Winner of the 2012 Fifty Books/Fifty Covers show, organized by Design Observer in association with AIGA and Designers & Books
Winner of the 2014 Type Directors Club Communication Design Award
Praise for Penguin Drop Caps:
"[Penguin Drop Caps] convey a sense of nostalgia for the tactility and aesthetic power of a physical book and for a centuries-old tradition of beautiful lettering."
“Vibrant, minimalist new typographic covers…. Bonus points for the heartening gender balance of the initial selections.”
—Maria Popova, Brain Pickings
"The Penguin Drop Caps series is a great example of the power of design. Why buy these particular classics when there are less expensive, even free editions of Great Expectations? Because they’re beautiful objects. Paul Buckley and Jessica Hische’s fresh approach to the literary classics reduces the design down to typography and color. Each cover is foil-stamped with a cleverly illustrated letterform that reveals an element of the story. Jane Austen’s A (Pride and Prejudice) is formed by opulent peacock feathers and Charlotte Bronte’s B (Jane Eyre) is surrounded by flames. The complete set forms a rainbow spectrum prettier than anything else on your bookshelf."
—Rex Bonomelli, The New York Times
"Classic reads in stunning covers—your book club will be dying."
About the Author
In the 1960s, especially in the United States, the novels of Hermann Hesse were widely embraced by young readers who found in his protagonists a reflection of their own search for meaning in a troubled world. Hesse’s rich allusions to world mythologies, especially those of Asia, and his persistent theme of the individual striving for integrity in opposition to received opinions and mass culture appealed to a generation in upheaval and in search of renewed values.
See all Editorial Reviews
Born in southern Germany in 1877, Hesse came from a family of missionaries, scholars, and writers with strong ties to India. This early exposure to the philosophies and religions of Asia—filtered and interpreted by thinkers thoroughly steeped in the intellectual traditions and currents of modern Europe—provided Hesse with some of the most pervasive elements in his short stories and novels, especially Siddhartha (1922) and Journey to the East (1932).
Hesse concentrated on writing poetry as a young man, but his first successful book was a novel,Peter Camenzind (1904). The income it brought permitted him to settle with his wife in rural Switzerland and write full-time. By the start of World War I in 1914, Hesse had produced several more novels and had begun to write the considerable number of book reviews and articles that made him a strong influence on the literary culture of his time.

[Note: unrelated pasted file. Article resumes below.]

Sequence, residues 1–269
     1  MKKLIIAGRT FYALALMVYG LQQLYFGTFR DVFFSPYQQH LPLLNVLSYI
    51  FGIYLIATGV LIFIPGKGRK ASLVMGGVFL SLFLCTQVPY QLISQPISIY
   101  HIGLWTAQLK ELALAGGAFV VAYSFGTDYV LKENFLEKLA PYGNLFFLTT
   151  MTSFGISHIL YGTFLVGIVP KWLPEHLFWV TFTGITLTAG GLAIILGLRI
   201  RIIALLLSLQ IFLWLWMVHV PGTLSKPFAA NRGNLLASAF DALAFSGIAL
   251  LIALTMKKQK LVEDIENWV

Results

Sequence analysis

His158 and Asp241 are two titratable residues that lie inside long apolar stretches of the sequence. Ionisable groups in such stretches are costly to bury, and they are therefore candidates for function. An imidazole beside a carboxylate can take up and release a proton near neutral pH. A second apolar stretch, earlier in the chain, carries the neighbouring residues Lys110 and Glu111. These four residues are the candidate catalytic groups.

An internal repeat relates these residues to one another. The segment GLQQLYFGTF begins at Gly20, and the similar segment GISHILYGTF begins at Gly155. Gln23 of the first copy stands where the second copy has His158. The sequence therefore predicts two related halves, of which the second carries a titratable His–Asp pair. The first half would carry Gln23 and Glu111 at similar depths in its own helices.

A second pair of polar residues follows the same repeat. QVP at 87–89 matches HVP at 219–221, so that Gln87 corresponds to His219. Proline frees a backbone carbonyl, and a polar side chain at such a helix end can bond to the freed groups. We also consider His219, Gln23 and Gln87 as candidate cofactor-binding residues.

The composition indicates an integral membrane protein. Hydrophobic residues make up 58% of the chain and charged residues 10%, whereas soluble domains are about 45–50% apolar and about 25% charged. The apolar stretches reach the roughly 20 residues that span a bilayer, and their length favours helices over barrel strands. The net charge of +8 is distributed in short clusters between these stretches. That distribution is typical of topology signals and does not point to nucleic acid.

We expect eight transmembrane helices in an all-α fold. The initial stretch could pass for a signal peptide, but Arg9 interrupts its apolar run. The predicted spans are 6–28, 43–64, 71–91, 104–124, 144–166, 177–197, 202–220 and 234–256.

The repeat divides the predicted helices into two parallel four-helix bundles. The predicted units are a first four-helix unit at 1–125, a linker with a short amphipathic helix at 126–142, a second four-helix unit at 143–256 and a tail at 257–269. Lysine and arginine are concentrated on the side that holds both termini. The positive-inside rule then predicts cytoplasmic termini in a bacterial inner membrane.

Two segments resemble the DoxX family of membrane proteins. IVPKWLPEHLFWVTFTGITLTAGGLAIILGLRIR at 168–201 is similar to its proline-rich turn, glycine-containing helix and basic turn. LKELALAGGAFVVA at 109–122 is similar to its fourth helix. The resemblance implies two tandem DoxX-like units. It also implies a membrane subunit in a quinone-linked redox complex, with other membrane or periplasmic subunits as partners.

During the war, Hesse was actively involved in relief efforts. Depression, criticism for his pacifist views, and a series of personal crises—combined with what he referred to as the “war psychosis” of his times—led Hesse to undergo psychoanalysis with J. B. Lang, a student of Carl Jung. Out of these years came Demian (1919), a novel whose main character is torn between the orderliness of bourgeois existence and the turbulent and enticing world of sensual experience. This dichotomy is prominent in Hesse’s subsequent novels, including Siddhartha (1922), Steppenwolf (1927), and Narcissus and Goldmund (1930). Hesse worked on his magnum opus, The Glass Bead Game (1943), for twelve years. This novel was specifically cited when he was awarded the Nobel Prize for Literature in 1946. Hesse died at his home in Switzerland in 1962.
Calling his life a series of “crises and new beginnings,” Hesse clearly saw his writing as a direct reflection of his personal development and his protagonists as representing stages in his own evolution. In the 1950s, Hesse described the dominant theme of his work: “From Camenzind to Steppenwolf and Josef Knecht [protagonist of The Glass Bead Game], they can all be interpreted as a defense (sometimes also as an SOS) of the personality, of the individual self.”
Joachim Neugroschel has won three PEN translation awards and the French-American translation prize. He has also translated Thomas Mann's Death in Venice and Sacher-Masoch's Venus in Furs, both for Penguin Classics. He lives in Brooklyn, New York.
Ralph Freedman, Professor Emeritus of Comparative Literature at Princeton University, is acclaimed for his biographies Hermann Hesse: Pilgrim of Crisis, and Life of a Poet: Rainer Maria Rilke